• Glucosamine and chondroitin sulfate – natural supplements that help decrease inflammation in the early stages
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    Knee Arthritis Pain ReliefWhen conservative measures and medications cannot relieve chronic pain from knee arthritis, other forms of therapy like knee injections, acupuncture and knee surgery may be more effective. There are many options for these alternative modes of therapy, although some are still in the experimental stage while many are proven to be effective and safe. Find out what other choices are available for knee osteoarthritis pain relief.
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    E. Knee Injections

    Local injection of corticosteroids to decrease moderate to severe local inflammation and pain is often helpful and avoids the systemic effects of oral medications. However steroids do not correct the degenerative changes and joint mechanics so pain may recur and repeat injections may have to be given.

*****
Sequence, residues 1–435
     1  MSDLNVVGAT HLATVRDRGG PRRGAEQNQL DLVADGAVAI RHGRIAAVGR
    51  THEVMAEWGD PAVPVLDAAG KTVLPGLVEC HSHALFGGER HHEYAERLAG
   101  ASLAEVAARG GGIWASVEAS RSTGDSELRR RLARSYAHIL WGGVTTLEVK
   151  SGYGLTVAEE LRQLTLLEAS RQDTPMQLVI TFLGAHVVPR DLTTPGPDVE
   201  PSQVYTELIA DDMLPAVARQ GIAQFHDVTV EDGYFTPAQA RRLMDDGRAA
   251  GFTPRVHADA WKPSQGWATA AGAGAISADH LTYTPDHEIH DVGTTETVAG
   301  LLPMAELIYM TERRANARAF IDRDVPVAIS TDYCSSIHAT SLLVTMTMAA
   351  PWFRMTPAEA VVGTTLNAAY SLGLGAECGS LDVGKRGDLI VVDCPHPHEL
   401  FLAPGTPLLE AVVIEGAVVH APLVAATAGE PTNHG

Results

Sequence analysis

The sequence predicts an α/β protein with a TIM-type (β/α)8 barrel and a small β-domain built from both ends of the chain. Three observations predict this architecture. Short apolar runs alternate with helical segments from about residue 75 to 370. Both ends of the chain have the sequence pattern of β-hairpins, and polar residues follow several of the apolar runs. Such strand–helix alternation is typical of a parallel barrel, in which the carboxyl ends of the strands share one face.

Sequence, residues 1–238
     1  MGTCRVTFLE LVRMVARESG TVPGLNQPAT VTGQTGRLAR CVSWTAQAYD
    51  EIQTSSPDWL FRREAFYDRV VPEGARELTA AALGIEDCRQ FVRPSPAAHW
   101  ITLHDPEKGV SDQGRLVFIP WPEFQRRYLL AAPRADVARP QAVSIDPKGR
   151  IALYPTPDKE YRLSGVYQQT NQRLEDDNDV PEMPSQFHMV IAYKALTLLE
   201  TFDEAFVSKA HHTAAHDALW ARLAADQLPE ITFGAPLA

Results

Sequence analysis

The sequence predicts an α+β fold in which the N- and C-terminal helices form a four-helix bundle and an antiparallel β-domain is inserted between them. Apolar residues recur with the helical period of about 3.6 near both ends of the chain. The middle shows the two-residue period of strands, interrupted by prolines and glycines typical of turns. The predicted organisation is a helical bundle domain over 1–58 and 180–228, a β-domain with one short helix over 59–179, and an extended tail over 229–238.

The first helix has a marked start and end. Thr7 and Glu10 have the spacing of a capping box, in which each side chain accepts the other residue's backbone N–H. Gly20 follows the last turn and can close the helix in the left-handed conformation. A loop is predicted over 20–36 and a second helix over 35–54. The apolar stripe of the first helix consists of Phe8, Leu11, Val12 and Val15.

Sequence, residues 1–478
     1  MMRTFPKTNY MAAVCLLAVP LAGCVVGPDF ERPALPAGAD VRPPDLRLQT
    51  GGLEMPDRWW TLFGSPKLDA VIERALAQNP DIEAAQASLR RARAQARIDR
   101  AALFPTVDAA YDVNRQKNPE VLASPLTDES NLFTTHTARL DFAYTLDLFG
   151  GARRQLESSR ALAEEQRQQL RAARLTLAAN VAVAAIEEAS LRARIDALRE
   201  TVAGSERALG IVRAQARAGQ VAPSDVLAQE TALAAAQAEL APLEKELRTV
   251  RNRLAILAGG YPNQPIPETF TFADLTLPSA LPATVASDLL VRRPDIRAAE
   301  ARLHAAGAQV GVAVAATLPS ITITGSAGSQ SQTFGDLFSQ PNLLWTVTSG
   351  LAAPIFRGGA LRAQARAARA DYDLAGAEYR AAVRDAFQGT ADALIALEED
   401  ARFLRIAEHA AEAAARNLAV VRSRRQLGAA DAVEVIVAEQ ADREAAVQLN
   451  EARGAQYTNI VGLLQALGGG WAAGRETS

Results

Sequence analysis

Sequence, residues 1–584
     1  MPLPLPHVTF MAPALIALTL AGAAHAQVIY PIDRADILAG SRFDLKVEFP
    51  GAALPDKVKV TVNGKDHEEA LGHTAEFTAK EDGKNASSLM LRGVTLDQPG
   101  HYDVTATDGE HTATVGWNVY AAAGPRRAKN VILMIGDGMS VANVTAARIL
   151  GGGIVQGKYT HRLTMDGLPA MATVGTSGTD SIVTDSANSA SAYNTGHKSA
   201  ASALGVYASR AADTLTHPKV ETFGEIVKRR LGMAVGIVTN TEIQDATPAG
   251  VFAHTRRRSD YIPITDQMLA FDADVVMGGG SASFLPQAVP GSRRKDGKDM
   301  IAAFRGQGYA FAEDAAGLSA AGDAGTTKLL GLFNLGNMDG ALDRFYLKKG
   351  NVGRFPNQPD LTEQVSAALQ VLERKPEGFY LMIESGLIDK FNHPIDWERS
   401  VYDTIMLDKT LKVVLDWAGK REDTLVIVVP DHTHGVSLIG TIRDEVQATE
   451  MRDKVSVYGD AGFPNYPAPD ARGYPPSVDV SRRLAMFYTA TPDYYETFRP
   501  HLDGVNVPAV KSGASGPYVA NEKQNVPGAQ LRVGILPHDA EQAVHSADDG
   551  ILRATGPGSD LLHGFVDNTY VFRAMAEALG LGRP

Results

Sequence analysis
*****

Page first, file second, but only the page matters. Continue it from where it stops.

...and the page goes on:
Hyaluronic acid may also be injected into the joint space to improve the quality of the joint, a procedure called viscosupplementation. This substance is a viscous fluid which increases lubrication of the bones and cartilage enabling these to glide smoothly against each other. It is injected as a single dose or given weekly for a few weeks, after which it gives pain relief for several months. However, patients who are allergic to eggs are not advised to have these injections because severe reactions may occur.

    Some forms of arthritis also benefit from gold salt injections.

    The injection of Botox, stem cells and growth factors have been done experimentally on the knees, but more evidences have to be shown to prove their effectiveness and safety and to gain FDA approval.